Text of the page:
>> exactly. so many people hoping that. i do have to point out, there are so many heartwarming and encouraging stories in the midst of this tragedy of the way people were helping one another, specifically helping children. and that, i know, is bringing some comfort to folks this morning. meantime in dayton, ohio, police say it is too soon to speculate on a motive. in just 30 seconds, the shooter there killed nine people and injured dozens more. officers stopping him just before he entered a packed nightclub. last night the community and elected leaders gathered to remember the victims. the governor interrupted by chants of "do something" as he addressed the crowd. polo sandoval is live for us this morning in dayton. >> reporter: that moment shows both the grief and anger we're seeing in the community. meanwhile, cnn is learning the killer kept a so-called kill list when he was in high school. this is according to to four high school students who describe the gunman as both dark
and depressive. it is information that is made more significant after yesterday's rampage. a flurry of shots show the brief but deadly moments that the suspected gunman opened fire on saturday night crowds in downtown dayton, ohio. police say the gunman parked his car and walked through the oregon district, a neighborhood known for its night life and started firing shots just after 1:00 a.m. >> dude, what the [ bleep ]. >> reporter: surveillance video shows crowds running from the shots. >> shots fired! shots fired! >> where are you at? >> reporter: dayton police routinely patrol and were able to respond in seconds. >> a suspect opened fire along the oregon district. he was wearing body armor and used a 223 high capacity magazine. he did additional magazines. >> threat was neutralized in approximately 30 seconds of the suspect firing his first shots.
>> dispatch, we got shots fired. we got multiple people down. we're going to need multiple medics. >> reporter: two women say they were out with girlfriends. >> people just started running. they started pushing us out the back door. >> reporter: one woman remembers chatting with a woman about their outfits but the next time she saw her -- >> she was laying dead outside of the club. >> reporter: robert was standing several feet away when he started firing shots. >> the officer was standing over me shooting at the guy. he saved everybody that was out here. >> reporter: despite the quick response, at least nine were killed and more than a dozen injured. among the dead, the shooter's own 22-year-old sister. >> the officers who were involved in ending this tragedy, their professionalism, their quickness, their amazing courage, and their response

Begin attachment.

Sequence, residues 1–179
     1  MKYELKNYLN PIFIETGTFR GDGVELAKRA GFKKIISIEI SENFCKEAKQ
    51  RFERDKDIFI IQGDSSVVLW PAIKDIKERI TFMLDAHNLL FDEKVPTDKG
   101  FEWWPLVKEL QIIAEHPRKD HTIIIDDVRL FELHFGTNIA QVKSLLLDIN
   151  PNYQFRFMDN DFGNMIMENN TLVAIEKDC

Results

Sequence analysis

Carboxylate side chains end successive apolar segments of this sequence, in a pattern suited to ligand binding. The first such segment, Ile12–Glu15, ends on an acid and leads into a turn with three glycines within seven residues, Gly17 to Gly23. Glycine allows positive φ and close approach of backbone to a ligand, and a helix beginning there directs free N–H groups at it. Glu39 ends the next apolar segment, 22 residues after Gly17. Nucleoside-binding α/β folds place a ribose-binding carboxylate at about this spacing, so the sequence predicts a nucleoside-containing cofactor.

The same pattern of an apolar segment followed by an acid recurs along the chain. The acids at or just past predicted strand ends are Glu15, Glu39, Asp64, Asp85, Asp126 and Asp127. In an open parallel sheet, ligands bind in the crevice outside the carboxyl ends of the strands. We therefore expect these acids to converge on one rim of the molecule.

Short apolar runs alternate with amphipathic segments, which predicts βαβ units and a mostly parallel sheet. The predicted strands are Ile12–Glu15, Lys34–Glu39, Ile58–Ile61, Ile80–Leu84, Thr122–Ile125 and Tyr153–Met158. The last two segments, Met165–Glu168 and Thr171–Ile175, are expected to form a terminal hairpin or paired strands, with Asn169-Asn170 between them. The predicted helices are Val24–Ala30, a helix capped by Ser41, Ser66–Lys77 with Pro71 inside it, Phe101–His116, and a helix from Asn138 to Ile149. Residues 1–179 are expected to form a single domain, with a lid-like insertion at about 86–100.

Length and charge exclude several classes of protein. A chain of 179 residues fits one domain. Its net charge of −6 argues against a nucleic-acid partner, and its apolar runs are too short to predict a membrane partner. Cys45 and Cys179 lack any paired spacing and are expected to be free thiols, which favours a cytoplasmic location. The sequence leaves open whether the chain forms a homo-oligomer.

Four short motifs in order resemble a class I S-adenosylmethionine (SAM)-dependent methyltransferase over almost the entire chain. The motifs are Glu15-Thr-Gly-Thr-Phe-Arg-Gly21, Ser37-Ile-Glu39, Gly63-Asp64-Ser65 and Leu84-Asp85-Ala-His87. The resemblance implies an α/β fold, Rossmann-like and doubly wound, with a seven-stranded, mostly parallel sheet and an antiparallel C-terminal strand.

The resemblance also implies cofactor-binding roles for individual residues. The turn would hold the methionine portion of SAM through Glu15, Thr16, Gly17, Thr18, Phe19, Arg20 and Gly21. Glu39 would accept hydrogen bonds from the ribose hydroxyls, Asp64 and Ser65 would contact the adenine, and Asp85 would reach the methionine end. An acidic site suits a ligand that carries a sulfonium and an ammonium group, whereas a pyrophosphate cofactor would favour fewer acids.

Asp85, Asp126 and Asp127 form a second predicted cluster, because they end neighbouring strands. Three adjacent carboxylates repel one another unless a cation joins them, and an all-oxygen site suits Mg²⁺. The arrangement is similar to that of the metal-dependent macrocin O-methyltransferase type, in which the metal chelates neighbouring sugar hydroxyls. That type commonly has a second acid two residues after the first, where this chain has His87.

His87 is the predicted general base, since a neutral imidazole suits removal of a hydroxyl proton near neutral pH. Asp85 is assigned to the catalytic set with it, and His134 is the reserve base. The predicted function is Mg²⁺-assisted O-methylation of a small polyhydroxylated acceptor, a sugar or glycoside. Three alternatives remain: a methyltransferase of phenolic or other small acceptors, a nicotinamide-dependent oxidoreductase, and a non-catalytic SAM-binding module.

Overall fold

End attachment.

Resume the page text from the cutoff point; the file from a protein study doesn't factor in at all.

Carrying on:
undoubtedly saved many, many, many lives. we will never know how many lives were saved the assailant was capable of killing dozens more people. >> reporter: yesterday police not only laid out a timeline but they also released some graphic video of the shooting. a lot of attention on that moment when shots were fired but also what happened before. investigators now saying the gunman, his sister, and a male companion all arrived here in the same vehicle. but at some point they separated. so the question here, what were the whereabouts of the gunman during that separation? once they find that, then we could perhaps be closer to trying to determine a motive. that's what investigators are saying this morning. >> all right. polo sandoval with the latest from dayton. thank you. joining me now is josh campbell, a cnn law enforcement analyst.
let's pick up where polo left off there. what's happening in dayton. one of the things we have heard over and over again is the credit to law enforcement for how quick this response was, that they were able to stop this within 30 seconds. i mean, put that in perspective for us. what could have happened? they were there so quickly. >> just an incredible response time by law enforcement. 24 seconds i think the mayor was saying, around 30 seconds. if you think about the type of weaponry that the shooter brought to this location, high powered weaponry with countless rounds of ammunition. he came there with the intent to kill. you couple that with the fact he had body armor and hearing suppression. he wanted to kill as many people as possible. so the only thing that could have stopped him would have been this quick law enforcement response. and again, we know that there are large areas now that are policed. that's just a reality in america in 2019. anywhere people gather, law enforcement will also be focusing on. again, it's probably due to good policing and a bit of luck they